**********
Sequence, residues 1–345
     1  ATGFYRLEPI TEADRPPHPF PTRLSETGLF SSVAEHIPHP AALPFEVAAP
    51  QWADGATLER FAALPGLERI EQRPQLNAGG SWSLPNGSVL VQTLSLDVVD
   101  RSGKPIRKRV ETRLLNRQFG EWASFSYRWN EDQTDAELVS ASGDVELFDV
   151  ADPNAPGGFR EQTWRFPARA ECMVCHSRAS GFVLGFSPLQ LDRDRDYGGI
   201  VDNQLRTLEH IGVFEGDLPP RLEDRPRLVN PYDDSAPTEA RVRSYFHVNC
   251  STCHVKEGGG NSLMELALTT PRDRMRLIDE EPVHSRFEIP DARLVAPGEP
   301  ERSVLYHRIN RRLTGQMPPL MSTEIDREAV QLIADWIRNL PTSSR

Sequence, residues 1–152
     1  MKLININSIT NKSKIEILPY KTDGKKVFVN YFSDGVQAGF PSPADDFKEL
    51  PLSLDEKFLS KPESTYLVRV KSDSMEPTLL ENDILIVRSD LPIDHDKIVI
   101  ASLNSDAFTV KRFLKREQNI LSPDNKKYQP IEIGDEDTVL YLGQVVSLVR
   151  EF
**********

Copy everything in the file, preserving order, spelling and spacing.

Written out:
Sequence, residues 1–345
     1  ATGFYRLEPI TEADRPPHPF PTRLSETGLF SSVAEHIPHP AALPFEVAAP
    51  QWADGATLER FAALPGLERI EQRPQLNAGG SWSLPNGSVL VQTLSLDVVD
   101  RSGKPIRKRV ETRLLNRQFG EWASFSYRWN EDQTDAELVS ASGDVELFDV
   151  ADPNAPGGFR EQTWRFPARA ECMVCHSRAS GFVLGFSPLQ LDRDRDYGGI
   201  VDNQLRTLEH IGVFEGDLPP RLEDRPRLVN PYDDSAPTEA RVRSYFHVNC
   251  STCHVKEGGG NSLMELALTT PRDRMRLIDE EPVHSRFEIP DARLVAPGEP
   301  ERSVLYHRIN RRLTGQMPPL MSTEIDREAV QLIADWIRNL PTSSR

Sequence, residues 1–152
     1  MKLININSIT NKSKIEILPY KTDGKKVFVN YFSDGVQAGF PSPADDFKEL
    51  PLSLDEKFLS KPESTYLVRV KSDSMEPTLL ENDILIVRSD LPIDHDKIVI
   101  ASLNSDAFTV KRFLKREQNI LSPDNKKYQP IEIGDEDTVL YLGQVVSLVR
   151  EF